Creating Pockets

Patricia Schwabe has helped shape Tucson’s downtown, from developing buildings with Peach Properties to developing a menu at Penca Restaurant.

March 7, 2016

In the BusinessIssue 17: March/April 2016

How did you get involved with real estate in Tucson?

I’m from Mexico. I came to the U.S. for college. My parents sent all of us from Mexico to school in the U.S. I went to school in San Diego. My parents were living in Tucson by then. I’d come here for Christmas and I was like, not in a million years am I moving to Tucson. After I finished school in San Diego in journalism, I thought: I’m going to be a TV person. In those days, Spanish TV networks were just starting. I got a job at Univision and I thought that was going to be my life.

And then my dad died and I came here to Tucson to stay with my mother. I started working for an ad agency, doing Spanish stuff for them. I don’t know how, but I just decided to get my real estate license. Why not? I had time. I worked for Tucson Realty and then I met Ron Schwabe, randomly, who happens to be my husband. He said, why are you at Tucson Realty, why don’t you just come work for Peach Properties?

Patricia Schwabe intended to rent the restaurant space at 50 E. Broadway, but after showing the space to other restaurants and brokers, no one “got” the appeal of that corner of downtown. So she decided to do it herself.

Patricia Schwabe intended to rent the restaurant space at 50 E. Broadway, but after showing the space to other restaurants and brokers, no one “got” the appeal of that corner of downtown. So she decided to do it herself.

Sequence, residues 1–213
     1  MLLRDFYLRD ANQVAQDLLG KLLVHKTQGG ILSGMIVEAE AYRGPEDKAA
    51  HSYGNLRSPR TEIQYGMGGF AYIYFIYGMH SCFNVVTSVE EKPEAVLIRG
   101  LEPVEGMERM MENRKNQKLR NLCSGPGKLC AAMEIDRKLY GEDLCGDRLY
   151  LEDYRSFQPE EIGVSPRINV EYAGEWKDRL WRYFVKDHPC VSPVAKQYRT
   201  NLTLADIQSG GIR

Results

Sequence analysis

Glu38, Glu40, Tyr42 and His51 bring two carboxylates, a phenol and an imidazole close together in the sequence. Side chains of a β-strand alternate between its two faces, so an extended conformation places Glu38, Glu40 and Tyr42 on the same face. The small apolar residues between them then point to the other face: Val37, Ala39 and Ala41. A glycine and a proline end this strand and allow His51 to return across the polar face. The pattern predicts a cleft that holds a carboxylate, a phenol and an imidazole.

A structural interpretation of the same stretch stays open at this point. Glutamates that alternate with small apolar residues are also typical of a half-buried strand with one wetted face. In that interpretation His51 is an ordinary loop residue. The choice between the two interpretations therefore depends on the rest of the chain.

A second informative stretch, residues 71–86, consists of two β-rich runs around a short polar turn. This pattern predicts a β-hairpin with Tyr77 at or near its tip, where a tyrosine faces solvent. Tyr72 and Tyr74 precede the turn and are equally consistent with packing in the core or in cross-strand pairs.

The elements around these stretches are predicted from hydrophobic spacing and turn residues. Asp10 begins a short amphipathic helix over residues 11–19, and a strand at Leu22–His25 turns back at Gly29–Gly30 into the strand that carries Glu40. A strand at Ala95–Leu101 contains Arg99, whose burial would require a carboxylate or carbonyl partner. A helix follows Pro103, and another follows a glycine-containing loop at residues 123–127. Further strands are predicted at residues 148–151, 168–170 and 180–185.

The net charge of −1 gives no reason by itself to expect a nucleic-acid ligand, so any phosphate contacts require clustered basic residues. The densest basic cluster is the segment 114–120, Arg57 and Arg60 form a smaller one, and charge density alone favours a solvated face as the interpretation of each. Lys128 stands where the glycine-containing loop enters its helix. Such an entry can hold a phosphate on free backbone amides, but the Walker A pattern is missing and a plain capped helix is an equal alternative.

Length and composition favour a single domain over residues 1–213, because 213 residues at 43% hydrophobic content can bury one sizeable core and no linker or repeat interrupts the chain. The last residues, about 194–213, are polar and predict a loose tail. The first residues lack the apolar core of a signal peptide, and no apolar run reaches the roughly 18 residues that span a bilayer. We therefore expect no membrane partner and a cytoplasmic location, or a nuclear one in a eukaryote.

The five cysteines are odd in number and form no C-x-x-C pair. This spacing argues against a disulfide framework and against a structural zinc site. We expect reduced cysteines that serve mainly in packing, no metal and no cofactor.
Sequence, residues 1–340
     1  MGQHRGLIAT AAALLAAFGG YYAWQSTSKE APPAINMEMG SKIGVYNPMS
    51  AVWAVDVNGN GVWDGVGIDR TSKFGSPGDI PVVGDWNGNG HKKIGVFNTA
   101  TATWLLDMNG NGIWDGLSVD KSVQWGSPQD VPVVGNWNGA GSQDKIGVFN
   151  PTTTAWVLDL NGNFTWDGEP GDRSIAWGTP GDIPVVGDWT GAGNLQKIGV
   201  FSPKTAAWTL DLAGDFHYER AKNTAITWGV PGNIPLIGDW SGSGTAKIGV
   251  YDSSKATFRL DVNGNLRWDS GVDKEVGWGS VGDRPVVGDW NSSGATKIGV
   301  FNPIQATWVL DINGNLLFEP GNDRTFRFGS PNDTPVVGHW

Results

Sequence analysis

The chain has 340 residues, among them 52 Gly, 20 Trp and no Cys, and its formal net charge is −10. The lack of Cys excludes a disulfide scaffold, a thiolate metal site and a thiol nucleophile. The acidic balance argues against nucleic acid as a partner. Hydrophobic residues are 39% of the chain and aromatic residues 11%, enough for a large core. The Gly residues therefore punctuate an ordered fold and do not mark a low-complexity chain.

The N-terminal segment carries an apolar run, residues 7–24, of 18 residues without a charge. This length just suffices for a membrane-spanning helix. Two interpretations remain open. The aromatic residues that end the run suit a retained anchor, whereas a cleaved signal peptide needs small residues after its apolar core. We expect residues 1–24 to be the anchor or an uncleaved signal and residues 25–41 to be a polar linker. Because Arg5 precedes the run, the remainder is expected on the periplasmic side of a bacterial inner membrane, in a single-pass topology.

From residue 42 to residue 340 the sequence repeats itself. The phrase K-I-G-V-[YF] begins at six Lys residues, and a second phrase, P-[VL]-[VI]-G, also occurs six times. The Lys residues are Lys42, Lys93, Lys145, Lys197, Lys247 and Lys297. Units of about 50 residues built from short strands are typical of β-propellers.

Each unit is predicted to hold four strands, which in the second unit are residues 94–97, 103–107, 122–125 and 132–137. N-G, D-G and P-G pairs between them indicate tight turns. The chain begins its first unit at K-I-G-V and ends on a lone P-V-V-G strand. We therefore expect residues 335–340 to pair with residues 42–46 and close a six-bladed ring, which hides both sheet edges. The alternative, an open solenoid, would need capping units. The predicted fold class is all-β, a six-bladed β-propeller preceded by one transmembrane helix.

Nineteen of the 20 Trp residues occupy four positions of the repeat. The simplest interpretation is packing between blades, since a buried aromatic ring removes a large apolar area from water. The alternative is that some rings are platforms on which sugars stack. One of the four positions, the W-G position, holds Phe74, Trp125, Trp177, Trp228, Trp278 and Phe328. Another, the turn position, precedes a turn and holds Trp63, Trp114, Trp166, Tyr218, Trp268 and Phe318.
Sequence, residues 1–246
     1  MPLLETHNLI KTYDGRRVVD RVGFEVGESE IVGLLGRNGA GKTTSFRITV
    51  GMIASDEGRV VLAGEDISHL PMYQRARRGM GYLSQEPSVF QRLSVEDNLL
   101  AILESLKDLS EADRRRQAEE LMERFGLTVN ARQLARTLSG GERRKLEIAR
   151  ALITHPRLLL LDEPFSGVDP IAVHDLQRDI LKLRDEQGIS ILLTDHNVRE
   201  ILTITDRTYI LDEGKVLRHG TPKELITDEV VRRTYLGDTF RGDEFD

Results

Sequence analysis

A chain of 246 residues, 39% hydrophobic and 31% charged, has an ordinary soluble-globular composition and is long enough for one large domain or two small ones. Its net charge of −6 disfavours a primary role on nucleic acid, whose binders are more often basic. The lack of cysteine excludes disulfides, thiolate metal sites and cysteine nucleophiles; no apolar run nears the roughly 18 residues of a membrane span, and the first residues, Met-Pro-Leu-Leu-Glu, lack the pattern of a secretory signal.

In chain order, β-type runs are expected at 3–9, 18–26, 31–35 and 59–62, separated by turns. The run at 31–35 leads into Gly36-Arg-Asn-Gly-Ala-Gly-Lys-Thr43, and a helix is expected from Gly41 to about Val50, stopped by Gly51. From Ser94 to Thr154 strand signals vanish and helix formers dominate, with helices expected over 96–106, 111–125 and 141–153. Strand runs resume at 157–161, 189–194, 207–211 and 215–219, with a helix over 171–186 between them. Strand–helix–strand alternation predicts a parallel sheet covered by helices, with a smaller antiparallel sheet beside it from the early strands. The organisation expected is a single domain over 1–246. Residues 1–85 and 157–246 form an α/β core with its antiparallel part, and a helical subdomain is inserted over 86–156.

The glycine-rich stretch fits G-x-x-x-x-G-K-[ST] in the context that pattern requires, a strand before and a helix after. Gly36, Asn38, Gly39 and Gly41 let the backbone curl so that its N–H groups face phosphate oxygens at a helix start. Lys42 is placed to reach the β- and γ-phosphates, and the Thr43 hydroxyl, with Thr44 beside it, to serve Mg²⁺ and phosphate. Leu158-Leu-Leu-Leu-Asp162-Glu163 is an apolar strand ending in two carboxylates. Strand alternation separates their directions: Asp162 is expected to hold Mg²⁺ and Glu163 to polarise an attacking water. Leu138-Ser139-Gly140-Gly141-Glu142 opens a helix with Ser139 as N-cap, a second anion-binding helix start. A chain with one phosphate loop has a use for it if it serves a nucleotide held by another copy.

How did you get into the restaurant business?

Ron had Tooley’s, and the little restaurant was going to close. I said, “You can’t close it, people love it.” So he said, “You can have it, it’s yours.” And I had never worked in a restaurant. Not a waitress, a server—nothing.

In his jobs, Ron has always had workers, and some workers bring food. One of his workers always had really nice food, homemade food. It always smelled nice. So I asked him, “Does your wife work?” He said, “No.” So I called her and she said, “I’ve never worked in restaurants but if you need help, I’ll go help you.” And she worked for us for almost 20 years. She became the backbone of Tooley’s. It was homecooked food and I think that’s what people loved about Tooley’s.

The chile relleno comes as a roasted chile poblano stuffed with mushrooms, spinach, onions, walnuts, and queso.

The chile relleno comes as a roasted chile poblano stuffed with mushrooms, spinach, onions, walnuts, and queso.

How has Peach Properties supported the revitalization
of downtown Tucson?

Creating pockets has been something we both love. Pockets are neighborhoods. The building has to work and it has to feel like it works all together.

I helped with the leasing of Sparkroot, with the leasing of Yoga Oasis. I chased those two guys. They signed almost the same week. Ari and Darren are complementary to each other, to the vision. Ron and I try to be very aware of renting to people that would grow with each other. That’s what I mean with my pockets.

The same with the Market Inn building. It stayed empty for a while. People called, and their vision was different than what we thought would work in that building. And now it works: we have Tap + Bottle, Exo, and the Old Market Inn Tile Shop. That’s something that we have grown into and matured—how to have a vision and not just rent to anyone.